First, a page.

08 July, 2011
Tyrosine & Vitiligo
Vitiligo is a skin condition in which patients develop white patches on their bodies because they are unable to produce the pigment responsible for giving their skin its color. Vitiligo cannot be cured, but certain treatment options are available. One option is the use of tyrosine supplements, which can help stimulate pigment production. While it is not necessarily hazardous to your health, patients can seek treatment for vitiligo in order to stop its progression.
Vitiligo is the result of a loss of melanin in your skin. Melanin is the pigment that gives skin its color. When you have vitiligo, you will lose the normal color of your skin, resulting in the formation of white patches that will slowly enlarge. This occurs as melanocytes, the cells that produce melanin, die or stop producing the pigment.
The white patches caused by vitiligo can emerge anywhere, but they are usually found on sun-exposed areas like the face, hands, feet and arms. This usually first occurs between the ages of 10 and 30. Other, less-frequent symptoms include premature whitening or graying of the hair, eyebrows and eyelashes, whitening of the mucous membranes and loss of color in the retinas of the eyes.
The exact cause of vitiligo is not known, but several theories exist. One is that an autoimmune disease, in which your body mistakenly attacks itself, causes it. In the case of vitiligo, the immune system would attack and destroy the melanocytes. Occasionally, vitiligo occurrences are prevalent within families, so it could possibly be hereditary. Other possible causes include skin damage, such as sunburn, or emotional stress.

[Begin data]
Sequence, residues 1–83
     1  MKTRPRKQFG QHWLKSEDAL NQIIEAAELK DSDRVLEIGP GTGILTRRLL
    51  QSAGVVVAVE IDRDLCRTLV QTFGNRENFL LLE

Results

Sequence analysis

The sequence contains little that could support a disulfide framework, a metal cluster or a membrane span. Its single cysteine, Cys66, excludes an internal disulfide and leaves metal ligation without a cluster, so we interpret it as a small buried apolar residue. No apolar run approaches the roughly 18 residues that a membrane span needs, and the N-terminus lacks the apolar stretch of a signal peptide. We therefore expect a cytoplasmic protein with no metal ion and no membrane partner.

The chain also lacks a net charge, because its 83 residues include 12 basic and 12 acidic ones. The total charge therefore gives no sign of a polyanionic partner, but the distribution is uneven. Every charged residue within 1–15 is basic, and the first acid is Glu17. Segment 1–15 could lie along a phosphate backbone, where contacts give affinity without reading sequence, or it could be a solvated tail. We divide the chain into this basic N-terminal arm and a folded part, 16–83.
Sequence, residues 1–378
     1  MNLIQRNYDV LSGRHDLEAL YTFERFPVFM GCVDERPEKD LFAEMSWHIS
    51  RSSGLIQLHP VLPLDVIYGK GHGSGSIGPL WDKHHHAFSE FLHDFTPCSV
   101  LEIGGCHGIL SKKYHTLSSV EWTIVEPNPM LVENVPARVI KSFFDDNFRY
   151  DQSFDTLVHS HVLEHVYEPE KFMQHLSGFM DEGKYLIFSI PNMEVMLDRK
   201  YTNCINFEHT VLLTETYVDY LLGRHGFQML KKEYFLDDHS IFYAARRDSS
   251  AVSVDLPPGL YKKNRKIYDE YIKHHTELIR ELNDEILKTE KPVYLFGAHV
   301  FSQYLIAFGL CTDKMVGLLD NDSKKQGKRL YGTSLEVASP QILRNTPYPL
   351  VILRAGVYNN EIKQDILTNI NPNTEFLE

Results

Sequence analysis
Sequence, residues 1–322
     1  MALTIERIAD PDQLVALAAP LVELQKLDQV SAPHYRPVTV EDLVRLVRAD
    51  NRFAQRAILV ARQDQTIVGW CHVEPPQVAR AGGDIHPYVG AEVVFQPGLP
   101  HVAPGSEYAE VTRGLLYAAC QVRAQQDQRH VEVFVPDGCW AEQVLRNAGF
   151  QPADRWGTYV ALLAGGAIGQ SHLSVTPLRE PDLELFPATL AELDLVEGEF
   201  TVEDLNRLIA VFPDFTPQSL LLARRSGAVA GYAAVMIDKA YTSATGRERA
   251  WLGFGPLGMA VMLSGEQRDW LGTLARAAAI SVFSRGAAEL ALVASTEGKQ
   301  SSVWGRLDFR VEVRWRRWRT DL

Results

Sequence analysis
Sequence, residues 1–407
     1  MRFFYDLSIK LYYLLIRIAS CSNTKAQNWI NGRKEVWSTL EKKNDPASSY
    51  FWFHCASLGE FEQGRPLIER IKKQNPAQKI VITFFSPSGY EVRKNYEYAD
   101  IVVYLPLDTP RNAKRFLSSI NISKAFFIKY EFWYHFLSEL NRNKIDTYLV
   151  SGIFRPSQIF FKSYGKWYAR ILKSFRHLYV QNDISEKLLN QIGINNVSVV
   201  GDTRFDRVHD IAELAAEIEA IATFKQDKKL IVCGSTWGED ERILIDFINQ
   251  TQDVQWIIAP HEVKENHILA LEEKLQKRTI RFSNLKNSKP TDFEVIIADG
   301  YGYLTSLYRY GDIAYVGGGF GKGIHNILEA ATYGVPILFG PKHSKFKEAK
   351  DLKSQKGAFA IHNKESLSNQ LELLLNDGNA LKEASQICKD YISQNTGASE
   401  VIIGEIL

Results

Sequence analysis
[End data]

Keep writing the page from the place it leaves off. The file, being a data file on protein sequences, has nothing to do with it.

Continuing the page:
Tyrosine is an amino acid that is made naturally by the body from another amino acid called phenylalanine. It is used mainly to build neurotransmitters, cells that comprise your nervous system. In addition, tyrosine helps to produce melanin. According to University of Pittsburgh Medical Center, preliminary studies suggest that taking phenylalanine supplements, which will turn into tyrosine in the body, can help treat vitiligo.
As soon as you notice any changes with your skin, contact your physician immediately. There is no cure for vitiligo; treatment aims to stop or slow its progression. Medical treatments include topical creams and ointments, medications taken orally and laser or light therapy. A more aggressive form of treatment is skin grafts, in which skin from one part of the body is surgically removed and reattached somewhere else. This is usually done to treat small patches. You could also treat vitiligo simply by applying sunscreen or cosmetics.
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